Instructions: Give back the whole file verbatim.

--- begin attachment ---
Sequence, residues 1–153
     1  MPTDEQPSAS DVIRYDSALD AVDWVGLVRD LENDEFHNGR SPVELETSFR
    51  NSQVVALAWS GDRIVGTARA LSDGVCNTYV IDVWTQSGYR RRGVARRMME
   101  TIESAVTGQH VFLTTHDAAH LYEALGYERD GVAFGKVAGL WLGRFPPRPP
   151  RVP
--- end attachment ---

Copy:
Sequence, residues 1–153
     1  MPTDEQPSAS DVIRYDSALD AVDWVGLVRD LENDEFHNGR SPVELETSFR
    51  NSQVVALAWS GDRIVGTARA LSDGVCNTYV IDVWTQSGYR RRGVARRMME
   101  TIESAVTGQH VFLTTHDAAH LYEALGYERD GVAFGKVAGL WLGRFPPRPP
   151  RVP